Why The Period Scene In 'I May Destroy You' Was So Important
I May Destroy You has rightly been labelled groundbreaking for many reasons, from the way in which it encourages viewers to examine consent, to tackling casual racism and sexual identity.
It goes without saying that showing the realities of menstruation in 2020 shouldn't be seen as brave or daring. But it's the unflinching way in which the series handles the topic that's got people talking - casually depicting Arabella's exposed sanitary towel and a literal blood clot in a way that no TV show has ever done before.
Let's take ourselves back. Arabella and Biagio are in the moment. The mood is set. He takes out her tampon and then out comes the clot, which he proceeds to pick up and examine, wide eyed, with the curiosity of a kid being handed play-dough for the first time.
Creating a scene so viscerally relatable to half of the UK's population, and showing it authentically, is no mean feat.
Of course, it's down to Michaela's writing, first and foremost; then there's the props department, the actors and the production team. But the one woman tying all of those departments together was the show's intimacy co-ordinator, Ita O'Brien.
Intimacy co-ordinators are a pretty new phenomenon, only emerging in TV and film in the wake of #MeToo, with a long way to go before their use is standardised.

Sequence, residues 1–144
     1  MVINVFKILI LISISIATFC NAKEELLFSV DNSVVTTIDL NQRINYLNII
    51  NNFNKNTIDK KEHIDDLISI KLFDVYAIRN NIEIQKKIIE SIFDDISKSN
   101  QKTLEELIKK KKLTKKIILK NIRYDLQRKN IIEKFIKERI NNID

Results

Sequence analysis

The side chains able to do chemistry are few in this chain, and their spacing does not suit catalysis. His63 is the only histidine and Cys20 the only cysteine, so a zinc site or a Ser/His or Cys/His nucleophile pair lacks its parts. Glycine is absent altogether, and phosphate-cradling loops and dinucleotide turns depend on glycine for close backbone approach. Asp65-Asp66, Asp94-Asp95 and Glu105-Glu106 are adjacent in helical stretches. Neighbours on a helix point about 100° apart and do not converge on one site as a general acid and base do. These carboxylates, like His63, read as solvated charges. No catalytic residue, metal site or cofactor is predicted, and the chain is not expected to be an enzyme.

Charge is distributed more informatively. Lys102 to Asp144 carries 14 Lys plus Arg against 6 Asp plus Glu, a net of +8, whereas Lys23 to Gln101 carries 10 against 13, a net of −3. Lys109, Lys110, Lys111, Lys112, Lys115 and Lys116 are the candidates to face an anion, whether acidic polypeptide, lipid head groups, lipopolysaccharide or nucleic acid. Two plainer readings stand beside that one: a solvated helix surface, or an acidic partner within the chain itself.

But their work couldn't be more essential; not only ensuring the safety and wellbeing of the actors, but choreographing the sex scenes down to every fine detail, and ensuring that every tryst looks as real and honest as possible on screen.
During the creation of I May Destroy You, Ita worked with the cast in rehearsals where they'd discuss each scene moment by moment, ensuring "every touch had intention".
And, as she tells Tyla, it's for this exact reason that scenes like the period sex ring so true.
"With I May Destroy You, it was amazing having Michaela there [on set]," Ita tells Tyla. "Because she's seeing it play out detail for detail and we were discussing everything. I'd be like, that's amazing - why is that not happening here?'
"And she'd reply: 'Oh it felt too much'. We always had that dovetailing back and forth."
In the past, on-screen depictions of periods have warily cowered away from this very notion of being 'too much' - after all, it wasn't only recently that sanitary commercials stopped using blue liquid instead of red on screen.
And when films did dare to show blood, it would be used as a somewhat icky or shameful plot device - like the shower scene in Carrie, or when a horrified Emmeline thinks she's bleeding in Blue Lagoon, only to discover its just her time of the month.
But, Ita explains, I May Destroy You does quite the opposite, relishing in its own realism and showing us Arabella's blood so matter-or-factly we're left wondering why any TV producer had ever raised an eyebrow at such moments in the past.
"Isn't it incredible that half of the population spend 480 weeks of their lives in menstruation?" Ita says. "And yet think about how little we see it."